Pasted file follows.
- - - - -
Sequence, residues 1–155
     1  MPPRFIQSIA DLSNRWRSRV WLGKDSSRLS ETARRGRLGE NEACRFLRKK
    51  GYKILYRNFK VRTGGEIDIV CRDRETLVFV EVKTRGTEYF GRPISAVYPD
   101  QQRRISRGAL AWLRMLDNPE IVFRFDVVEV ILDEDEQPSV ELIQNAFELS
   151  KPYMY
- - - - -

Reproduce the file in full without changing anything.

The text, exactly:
Sequence, residues 1–155
     1  MPPRFIQSIA DLSNRWRSRV WLGKDSSRLS ETARRGRLGE NEACRFLRKK
    51  GYKILYRNFK VRTGGEIDIV CRDRETLVFV EVKTRGTEYF GRPISAVYPD
   101  QQRRISRGAL AWLRMLDNPE IVFRFDVVEV ILDEDEQPSV ELIQNAFELS
   151  KPYMY